_“Putting something called Nature on a pedestal and admiring it from afar does for the environment what patriarchy does for the figure of Woman. It is a paradoxical act of sadistic admiration.”_Timothy Morton Ecology Without Nature (2007)
I’m interested in how the convention of the landscape in art embodies and enacts the notion of our living environment as the transcendent ‘other’; beautiful, fragile, out there. It is the notion of ‘Nature’ condensed into a visual form, designed to soothe or maybe excite, but always to separate us from that which surrounds us. Always rendered from a human perspective, landscape reinforces the idea that the rest of existence is made real or given life through our interactions with it.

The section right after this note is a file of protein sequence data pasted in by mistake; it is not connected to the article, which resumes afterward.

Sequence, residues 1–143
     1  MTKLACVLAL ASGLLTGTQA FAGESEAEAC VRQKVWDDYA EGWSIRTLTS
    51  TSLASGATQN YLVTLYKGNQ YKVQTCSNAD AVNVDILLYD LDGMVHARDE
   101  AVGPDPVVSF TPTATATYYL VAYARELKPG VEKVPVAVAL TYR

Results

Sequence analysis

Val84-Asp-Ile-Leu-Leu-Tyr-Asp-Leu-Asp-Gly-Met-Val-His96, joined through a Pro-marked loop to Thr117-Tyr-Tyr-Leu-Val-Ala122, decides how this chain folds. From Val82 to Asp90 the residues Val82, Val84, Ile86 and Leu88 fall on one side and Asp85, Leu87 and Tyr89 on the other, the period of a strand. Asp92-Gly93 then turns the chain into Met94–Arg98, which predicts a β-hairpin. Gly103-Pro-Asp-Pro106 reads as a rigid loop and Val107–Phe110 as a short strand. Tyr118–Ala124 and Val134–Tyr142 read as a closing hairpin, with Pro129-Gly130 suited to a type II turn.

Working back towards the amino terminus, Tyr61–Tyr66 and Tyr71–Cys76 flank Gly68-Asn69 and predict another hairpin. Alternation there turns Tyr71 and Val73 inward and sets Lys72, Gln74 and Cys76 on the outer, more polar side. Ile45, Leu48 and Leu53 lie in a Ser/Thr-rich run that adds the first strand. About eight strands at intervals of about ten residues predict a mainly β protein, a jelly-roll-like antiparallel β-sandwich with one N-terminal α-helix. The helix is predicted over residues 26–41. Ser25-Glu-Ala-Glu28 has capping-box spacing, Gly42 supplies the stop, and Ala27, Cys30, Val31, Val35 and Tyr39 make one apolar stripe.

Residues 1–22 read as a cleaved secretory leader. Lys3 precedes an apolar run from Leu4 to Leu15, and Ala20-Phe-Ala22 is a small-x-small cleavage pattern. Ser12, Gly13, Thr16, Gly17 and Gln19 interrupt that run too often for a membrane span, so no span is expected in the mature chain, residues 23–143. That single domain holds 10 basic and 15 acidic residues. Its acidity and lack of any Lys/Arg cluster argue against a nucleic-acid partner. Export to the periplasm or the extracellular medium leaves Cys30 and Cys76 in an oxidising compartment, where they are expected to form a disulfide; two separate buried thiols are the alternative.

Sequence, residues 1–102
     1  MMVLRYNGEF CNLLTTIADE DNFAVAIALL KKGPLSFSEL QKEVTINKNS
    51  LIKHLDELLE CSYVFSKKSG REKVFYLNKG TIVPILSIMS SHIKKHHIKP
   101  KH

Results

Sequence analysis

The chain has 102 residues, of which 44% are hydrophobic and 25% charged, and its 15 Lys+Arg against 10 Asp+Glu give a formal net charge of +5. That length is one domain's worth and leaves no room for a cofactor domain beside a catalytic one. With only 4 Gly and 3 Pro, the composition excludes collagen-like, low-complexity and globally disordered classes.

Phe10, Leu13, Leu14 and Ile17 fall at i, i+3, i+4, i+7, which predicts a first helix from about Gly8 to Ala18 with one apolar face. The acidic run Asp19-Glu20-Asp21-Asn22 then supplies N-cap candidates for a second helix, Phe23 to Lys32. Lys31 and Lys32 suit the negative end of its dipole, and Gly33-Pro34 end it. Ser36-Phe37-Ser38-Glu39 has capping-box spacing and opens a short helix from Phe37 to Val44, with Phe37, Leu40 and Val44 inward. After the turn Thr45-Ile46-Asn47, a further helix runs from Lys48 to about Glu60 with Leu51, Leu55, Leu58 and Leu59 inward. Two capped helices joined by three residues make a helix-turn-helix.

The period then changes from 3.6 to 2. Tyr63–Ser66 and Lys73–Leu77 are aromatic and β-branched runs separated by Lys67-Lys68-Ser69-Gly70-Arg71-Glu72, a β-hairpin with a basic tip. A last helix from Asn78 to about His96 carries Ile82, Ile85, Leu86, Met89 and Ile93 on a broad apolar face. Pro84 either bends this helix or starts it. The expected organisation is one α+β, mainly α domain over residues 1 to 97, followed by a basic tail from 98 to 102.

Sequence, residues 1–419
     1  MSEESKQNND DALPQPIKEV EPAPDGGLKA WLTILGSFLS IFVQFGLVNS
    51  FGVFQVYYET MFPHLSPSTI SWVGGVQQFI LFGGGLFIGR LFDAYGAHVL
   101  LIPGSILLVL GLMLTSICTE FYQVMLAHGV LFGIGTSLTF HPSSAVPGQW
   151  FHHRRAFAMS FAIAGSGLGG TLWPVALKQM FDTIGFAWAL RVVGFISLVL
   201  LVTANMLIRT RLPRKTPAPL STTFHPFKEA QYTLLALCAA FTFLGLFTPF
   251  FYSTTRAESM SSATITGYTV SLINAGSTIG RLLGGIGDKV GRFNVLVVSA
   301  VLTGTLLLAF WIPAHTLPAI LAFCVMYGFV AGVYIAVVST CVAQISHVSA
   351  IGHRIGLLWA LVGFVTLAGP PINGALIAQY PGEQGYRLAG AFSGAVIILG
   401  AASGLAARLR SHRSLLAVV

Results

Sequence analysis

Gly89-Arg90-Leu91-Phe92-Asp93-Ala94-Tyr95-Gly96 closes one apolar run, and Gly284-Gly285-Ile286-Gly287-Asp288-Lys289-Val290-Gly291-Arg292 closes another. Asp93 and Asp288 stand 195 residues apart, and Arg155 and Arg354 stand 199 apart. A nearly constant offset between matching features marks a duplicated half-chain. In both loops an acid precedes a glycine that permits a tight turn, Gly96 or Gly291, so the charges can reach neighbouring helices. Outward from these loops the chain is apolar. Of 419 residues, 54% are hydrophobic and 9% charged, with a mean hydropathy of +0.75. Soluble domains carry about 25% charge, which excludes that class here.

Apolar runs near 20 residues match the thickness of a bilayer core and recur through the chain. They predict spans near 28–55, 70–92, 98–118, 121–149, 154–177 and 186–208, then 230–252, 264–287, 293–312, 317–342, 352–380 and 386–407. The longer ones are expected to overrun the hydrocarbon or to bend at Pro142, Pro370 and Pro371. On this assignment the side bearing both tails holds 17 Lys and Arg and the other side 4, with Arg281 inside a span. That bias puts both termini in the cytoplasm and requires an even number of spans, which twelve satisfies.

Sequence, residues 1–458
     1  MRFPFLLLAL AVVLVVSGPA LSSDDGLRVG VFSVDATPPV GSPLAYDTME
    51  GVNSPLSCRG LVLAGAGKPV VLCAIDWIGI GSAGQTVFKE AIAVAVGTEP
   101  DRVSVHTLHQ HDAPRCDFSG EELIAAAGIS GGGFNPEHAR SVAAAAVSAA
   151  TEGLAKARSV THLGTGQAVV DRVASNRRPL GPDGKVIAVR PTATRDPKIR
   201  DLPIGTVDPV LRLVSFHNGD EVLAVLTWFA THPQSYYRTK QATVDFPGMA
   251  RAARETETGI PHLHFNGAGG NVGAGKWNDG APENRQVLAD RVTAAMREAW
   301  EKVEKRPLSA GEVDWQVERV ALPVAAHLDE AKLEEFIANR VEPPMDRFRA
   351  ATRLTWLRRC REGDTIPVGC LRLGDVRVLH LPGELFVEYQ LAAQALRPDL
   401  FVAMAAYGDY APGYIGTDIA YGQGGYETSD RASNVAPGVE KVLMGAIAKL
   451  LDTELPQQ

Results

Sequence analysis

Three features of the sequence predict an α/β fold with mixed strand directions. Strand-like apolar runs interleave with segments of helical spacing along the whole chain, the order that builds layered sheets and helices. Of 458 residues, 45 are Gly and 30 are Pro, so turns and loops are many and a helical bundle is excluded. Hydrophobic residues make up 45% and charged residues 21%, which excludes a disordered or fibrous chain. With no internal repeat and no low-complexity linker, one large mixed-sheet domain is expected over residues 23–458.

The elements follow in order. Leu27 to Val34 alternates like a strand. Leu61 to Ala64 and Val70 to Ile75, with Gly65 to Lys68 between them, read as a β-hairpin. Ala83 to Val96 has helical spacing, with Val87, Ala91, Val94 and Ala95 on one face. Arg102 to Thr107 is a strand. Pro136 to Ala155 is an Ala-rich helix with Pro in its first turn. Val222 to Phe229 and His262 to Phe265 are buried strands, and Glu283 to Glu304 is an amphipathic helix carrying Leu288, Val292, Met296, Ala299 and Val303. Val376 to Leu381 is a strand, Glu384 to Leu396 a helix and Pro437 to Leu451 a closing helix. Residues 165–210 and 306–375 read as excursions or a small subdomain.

My interest in photographing the living world is to work around the notion of landscape, creating images from non human perspectives. I work with robotic camera equipment that takes many pictures from different angles and then stitches them together to create colossal composite images. The result is an image made up from many different viewpoints and moments in time. I am also unable to see the framing or composition of the image until long after the image is captured leaving those decisions to the robot. The technique also allows for incredible amounts of detail to be captured enabling prints that stretch to multiple meters at the highest resolution. I create works of this size because for me they open up the opportunity for photography to become an experience rather than an image. For me the ability of photographic images to create bodily affects is as interesting as its relationship to cognitive thought and imagination.